The Defense Department is expanding mental health coverage under Tricare, eliminating annual limits on inpatient mental health and residential treatment stays and increasing substance abuse services to include outpatient treatment for opioid addiction.
Under the new policy, which goes into effect Oct. 3, lifetime limits for substance use disorder treatment also are lifted as are some restrictions on smoking cessation and presumed restrictions for psychotherapy and family counseling.
In an announcement in the Federal Register earlier this month, the Defense Department said the new rule brings the Pentagon's mental health coverage in line with laws that govern the civilian health care industry, including the 2008 Mental Health Parity and Addiction Equity Act and the Patient Protection and Affordable Care Act.
Defense officials added that the changes were needed to ensure that troops, family members and retirees could access the most up-to-date treatment options for mental health and substance abuse.
"The Department of Defense remains intently focused on supporting the mental health of our service members and their families, as this continues to be a top priority," officials wrote.
The new rule also changes the requirements for mental health professionals to become Tricare providers and develops reimbursement policies for newly covered programs, such as intensive outpatient programs for substance abuse and medical therapy for opioid abuse.
Officials called the previous standards "overly restrictive and at times inconsistent with [industry] standards and organization."
"There are currently several geographic areas that are inadequately served because providers in those regions did not meet TRICARE certification requirements, though they may have met the industry standard. This final rule will streamline TRICARE regulations to be consistent with industry standards for authorization of qualified institutional providers of mental health and SUD treatment," they wrote.
Tricare first announced the changes in January seeking comment on the proposals, which also included lifting restrictions on treating gender dysphoria, the mental distress a patient may have as a result of being born a gender to which they don't identify.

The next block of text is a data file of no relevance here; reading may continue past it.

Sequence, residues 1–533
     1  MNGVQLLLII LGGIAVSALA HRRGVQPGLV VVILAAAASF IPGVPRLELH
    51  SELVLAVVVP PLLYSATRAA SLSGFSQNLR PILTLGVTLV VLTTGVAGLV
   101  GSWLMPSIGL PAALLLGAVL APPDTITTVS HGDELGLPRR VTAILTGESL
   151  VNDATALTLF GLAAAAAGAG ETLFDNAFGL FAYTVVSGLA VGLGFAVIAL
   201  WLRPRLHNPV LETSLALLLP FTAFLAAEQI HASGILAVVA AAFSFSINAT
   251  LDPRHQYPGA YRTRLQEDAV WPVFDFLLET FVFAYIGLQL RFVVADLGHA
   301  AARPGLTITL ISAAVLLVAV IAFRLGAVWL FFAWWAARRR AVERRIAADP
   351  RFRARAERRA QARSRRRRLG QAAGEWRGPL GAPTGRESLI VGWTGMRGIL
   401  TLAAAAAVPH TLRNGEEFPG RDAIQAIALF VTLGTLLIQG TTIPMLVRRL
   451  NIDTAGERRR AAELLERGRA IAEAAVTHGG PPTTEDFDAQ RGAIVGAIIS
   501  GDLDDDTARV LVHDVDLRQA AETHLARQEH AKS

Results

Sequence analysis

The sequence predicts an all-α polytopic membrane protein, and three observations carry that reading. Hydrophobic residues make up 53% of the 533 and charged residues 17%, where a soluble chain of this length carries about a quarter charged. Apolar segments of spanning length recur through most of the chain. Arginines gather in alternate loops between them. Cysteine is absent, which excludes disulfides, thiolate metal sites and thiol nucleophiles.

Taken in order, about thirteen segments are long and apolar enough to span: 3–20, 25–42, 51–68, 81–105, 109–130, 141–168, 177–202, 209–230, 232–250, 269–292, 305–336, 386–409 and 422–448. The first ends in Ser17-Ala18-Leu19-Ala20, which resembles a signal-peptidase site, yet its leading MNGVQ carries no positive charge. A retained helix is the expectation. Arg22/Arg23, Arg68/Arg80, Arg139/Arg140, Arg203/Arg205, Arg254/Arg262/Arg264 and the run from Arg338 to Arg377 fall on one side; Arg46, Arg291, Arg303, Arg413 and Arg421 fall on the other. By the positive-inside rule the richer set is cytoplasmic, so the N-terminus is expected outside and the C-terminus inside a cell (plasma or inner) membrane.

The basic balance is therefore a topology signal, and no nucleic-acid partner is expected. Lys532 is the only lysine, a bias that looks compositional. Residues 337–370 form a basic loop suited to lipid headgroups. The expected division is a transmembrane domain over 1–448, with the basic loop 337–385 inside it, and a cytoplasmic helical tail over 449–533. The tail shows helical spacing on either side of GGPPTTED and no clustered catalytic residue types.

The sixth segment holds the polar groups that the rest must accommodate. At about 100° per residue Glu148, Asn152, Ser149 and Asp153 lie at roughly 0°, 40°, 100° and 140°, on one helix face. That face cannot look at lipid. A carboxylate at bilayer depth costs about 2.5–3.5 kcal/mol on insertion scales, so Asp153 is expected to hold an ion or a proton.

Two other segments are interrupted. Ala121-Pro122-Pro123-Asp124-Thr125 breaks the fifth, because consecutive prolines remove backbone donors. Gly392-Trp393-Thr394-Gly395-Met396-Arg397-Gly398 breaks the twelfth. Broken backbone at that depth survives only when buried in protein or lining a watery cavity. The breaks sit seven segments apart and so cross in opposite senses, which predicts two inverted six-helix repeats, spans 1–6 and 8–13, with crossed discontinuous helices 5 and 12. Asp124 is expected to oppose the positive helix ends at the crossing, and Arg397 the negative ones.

The new policy allows for transgender individuals to receive hormonal therapy and counseling, but it stops short of covering sex reassignment surgery.
During the comment period, the department received input from 189 groups or individuals, many of whom praised the department for broadening access to inpatient care and attempting to increase the provider pool.
One woman, the wife of a Navy retiree and identified only as Bonnie, said the changes would come too late to help one son but she hoped they would be made so another son with substance abuse issues and mental health problems could benefit.
"As devastating as the psychological and physical effects of these diseases have been for my sons and our family, the most difficult and dangerous aspect of coping with their illnesses has been lack of access to timely treatment," she wrote.
She added that most Tricare-approved residential treatment programs were three to six hours from the family's home and follow-on treatment, such as partial hospitalization programs, also were difficult to reach, and the family has drained its savings to help their children.
"Substance abuse treatment is a Tricare benefit but when there are no providers Tricare will certify, it’s a benefit in name only," she wrote.
Nearly 30 respondents found an error in the proposal: The interim rule eliminated inpatient mental health services or partial hospitalization for children under age 13. Tricare admitted the gaff, saying several documents had been combined to create the new proposal, which applies to all beneficiaries regardless of age.
The proposal on gender dysphoria treatment generated nearly a third of the comments, with 19 objecting strongly to the proposal citing cost concerns, inappropriate use of government funds or the impact on military readiness, 16 expressing support and numerous others taking issue with surgical coverage from both viewpoints as well as the controversy of whether treatment works.
The Defense Department responded that a decision was made to add treatment as a benefit because it is "no longer justifiable to categorically exclude and not cover current medical and psychologically necessary and appropriate proven treatments that are not otherwise excluded by law."
An independent government cost estimate found that the new regulation will carry an annual cost of about $58 million.
Patricia Kime covers military and veterans health care and medicine for Military Times. She can be reached at firstname.lastname@example.org.